The director of a Belper ice cream making business was left with a bill for over £20,000 after admitting serious hygiene offences when he appeared at Derby Magistrates Court on 24 June.
Mr Malcolm Sutton, aged 68, Director of The Cowhouse Dairy Limited, Postern Lodge Farm, Cowers Lane, Belper, Derbyshire, pleaded guilty to 5 hygiene offences, following a lengthy and intricate investigation by officers of Amber Valley Borough Council’s regulation unit.
The Cowhouse Dairy pasteurised raw milk from Postern Lodge Farm and then processed it into ice cream which was sold to local businesses, including Derbyshire County Council schools.
It is critical to food safety that raw milk is pasteurised to remove bacteria that can cause life threatening illnesses such as Campylobacter, Salmonella, E. coli, Brucella and Listeria.
Following a routine inspection of the business, officers discovered processing records had not been adequately maintained to demonstrate ice cream had been processed in accordance with the Dairies Food Management System and traceability records for ice cream were inaccurate, missing and unreliable.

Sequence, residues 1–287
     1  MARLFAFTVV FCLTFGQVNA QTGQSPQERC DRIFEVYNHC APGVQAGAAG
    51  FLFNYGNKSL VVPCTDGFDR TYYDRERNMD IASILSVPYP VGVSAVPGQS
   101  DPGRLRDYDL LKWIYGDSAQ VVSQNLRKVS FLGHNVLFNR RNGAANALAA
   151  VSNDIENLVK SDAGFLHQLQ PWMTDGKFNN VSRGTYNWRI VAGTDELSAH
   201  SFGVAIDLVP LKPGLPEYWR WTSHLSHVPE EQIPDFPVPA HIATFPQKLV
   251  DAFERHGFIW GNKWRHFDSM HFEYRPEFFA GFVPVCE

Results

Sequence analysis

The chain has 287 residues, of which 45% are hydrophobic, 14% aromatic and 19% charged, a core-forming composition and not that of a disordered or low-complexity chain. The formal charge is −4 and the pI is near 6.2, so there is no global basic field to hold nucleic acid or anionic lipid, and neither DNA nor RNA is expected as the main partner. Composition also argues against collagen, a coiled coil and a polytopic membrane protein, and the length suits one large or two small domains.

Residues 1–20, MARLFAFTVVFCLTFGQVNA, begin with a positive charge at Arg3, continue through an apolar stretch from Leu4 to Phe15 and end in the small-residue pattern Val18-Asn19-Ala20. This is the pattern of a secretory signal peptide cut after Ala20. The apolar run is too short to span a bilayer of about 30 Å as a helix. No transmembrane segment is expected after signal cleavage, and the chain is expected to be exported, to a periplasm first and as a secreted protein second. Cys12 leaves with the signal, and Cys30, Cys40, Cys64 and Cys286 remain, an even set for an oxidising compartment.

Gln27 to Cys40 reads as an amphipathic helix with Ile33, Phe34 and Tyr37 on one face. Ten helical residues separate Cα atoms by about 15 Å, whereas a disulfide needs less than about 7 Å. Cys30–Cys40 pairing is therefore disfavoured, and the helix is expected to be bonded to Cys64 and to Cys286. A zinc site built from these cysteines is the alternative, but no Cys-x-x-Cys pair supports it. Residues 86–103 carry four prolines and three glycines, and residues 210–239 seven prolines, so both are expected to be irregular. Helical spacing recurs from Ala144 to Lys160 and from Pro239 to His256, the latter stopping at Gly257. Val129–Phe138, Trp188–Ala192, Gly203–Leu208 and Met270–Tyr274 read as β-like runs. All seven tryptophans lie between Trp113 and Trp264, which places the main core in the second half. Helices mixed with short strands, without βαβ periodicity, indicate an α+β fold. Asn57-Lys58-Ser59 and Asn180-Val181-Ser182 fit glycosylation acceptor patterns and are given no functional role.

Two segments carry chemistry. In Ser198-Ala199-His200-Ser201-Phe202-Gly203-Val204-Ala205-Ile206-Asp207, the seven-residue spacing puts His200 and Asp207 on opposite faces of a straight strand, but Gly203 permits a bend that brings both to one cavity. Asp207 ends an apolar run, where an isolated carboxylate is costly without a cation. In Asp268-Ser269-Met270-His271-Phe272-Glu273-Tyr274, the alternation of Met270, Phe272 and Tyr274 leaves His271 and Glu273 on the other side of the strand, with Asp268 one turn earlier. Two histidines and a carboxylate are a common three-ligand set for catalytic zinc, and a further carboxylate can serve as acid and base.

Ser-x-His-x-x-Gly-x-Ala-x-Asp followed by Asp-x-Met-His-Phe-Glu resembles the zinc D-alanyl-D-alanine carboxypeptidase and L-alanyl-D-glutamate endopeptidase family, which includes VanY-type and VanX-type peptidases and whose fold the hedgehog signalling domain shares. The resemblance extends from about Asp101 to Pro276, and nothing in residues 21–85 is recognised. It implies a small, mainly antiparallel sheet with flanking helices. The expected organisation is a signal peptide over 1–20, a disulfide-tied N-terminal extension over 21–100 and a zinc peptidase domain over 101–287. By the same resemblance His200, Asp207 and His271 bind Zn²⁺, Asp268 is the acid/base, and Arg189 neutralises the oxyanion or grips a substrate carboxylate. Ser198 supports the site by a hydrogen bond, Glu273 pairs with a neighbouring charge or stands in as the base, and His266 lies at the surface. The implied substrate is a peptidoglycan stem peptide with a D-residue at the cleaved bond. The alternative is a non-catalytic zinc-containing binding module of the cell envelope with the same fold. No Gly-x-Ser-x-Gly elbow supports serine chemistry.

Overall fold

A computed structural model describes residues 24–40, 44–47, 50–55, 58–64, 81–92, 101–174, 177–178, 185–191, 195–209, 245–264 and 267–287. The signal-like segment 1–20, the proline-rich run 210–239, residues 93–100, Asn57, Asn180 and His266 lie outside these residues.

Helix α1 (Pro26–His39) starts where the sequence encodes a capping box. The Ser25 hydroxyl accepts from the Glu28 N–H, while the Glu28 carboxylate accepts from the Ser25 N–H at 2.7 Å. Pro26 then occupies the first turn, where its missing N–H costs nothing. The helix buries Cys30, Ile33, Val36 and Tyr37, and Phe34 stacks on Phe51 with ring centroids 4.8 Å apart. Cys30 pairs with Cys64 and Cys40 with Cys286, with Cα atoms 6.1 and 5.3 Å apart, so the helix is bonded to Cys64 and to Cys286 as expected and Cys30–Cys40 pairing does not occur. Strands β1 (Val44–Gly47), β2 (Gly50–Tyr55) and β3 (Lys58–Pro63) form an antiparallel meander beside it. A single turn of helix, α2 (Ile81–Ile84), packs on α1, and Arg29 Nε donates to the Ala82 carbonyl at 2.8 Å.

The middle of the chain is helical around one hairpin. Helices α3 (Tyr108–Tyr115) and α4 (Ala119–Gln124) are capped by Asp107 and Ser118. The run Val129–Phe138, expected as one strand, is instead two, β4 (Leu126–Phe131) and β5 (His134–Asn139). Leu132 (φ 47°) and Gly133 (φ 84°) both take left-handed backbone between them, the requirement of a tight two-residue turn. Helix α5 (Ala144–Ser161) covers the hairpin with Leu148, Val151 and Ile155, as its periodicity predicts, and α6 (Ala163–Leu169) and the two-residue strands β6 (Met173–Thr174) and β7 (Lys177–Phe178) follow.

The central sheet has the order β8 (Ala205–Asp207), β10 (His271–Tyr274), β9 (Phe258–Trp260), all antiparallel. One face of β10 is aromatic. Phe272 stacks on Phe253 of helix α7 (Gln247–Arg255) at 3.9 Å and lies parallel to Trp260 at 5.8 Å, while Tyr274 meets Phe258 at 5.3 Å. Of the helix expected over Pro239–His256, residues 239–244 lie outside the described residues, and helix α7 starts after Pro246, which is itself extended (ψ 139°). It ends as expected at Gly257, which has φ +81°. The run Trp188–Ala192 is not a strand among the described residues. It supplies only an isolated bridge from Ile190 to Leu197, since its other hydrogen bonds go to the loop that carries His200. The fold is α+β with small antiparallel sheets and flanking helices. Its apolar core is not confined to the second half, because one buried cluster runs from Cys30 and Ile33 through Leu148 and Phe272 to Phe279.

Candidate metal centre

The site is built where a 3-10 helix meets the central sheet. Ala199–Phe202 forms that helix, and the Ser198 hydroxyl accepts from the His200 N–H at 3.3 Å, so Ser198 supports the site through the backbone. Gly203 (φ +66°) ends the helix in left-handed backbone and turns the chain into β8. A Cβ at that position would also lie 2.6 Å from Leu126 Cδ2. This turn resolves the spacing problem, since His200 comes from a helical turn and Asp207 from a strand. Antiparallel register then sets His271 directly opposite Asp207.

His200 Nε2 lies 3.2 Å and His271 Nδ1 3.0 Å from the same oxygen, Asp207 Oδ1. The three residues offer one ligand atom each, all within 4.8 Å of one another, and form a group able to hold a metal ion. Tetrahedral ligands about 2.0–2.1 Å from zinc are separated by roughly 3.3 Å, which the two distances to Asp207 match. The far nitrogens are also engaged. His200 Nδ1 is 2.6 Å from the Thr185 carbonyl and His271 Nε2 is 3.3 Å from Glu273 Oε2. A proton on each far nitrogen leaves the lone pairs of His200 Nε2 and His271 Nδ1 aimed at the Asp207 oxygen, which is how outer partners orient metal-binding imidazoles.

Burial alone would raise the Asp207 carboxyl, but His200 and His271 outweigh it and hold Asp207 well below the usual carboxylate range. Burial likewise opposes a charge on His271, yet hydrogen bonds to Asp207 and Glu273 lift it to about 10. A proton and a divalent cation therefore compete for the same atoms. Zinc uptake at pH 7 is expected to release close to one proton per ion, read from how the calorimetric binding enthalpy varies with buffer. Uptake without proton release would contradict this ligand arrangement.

Thermograph records, which record the temperature and time of the pasteurisation process, were found to be false and looked as though they had been drawn by hand.
In early 2018 notices were served by Amber Valley Borough Council to stop production and detain ice cream until satisfactory microbiological test results and other records were provided to the council’s satisfaction.
Despite ice cream being legally detained at The Cowhouse Dairy, evidence was found that Mr Sutton had continued to sell it through an intermediary firm, to over 70 Derbyshire Schools. With the kind co-operation of the intermediary company this ice cream was recalled from each school and none was consumed.
After considering the serious deficiencies at the dairy, the approval of the premises was removed in March 2018 which required the business to stop making ice cream and ensured it ceased to trade.
On pleading guilty to the 5 offences Mr Sutton was fined £8,000 and ordered to pay £12,892 costs.
District Judge Jonathan Taaffe, in his summing up, said it was accepted farming was challenging but that was no excuse not to comply with food safety legislation.
Amber Valley Borough Council portfolio holder for housing and public health, Cllr Tony Holmes, said: “We take our duty to protect the public very seriously and ensuring the food they buy is safe and does not expose them to harm is an important function of the council.
This prosecution, and the sentence imposed by the court, should serve as a warning to other food business operators that we will not hesitate to take action where hygiene requirements are breached and that we are not prepared to compromise public safety in circumstances such as these.”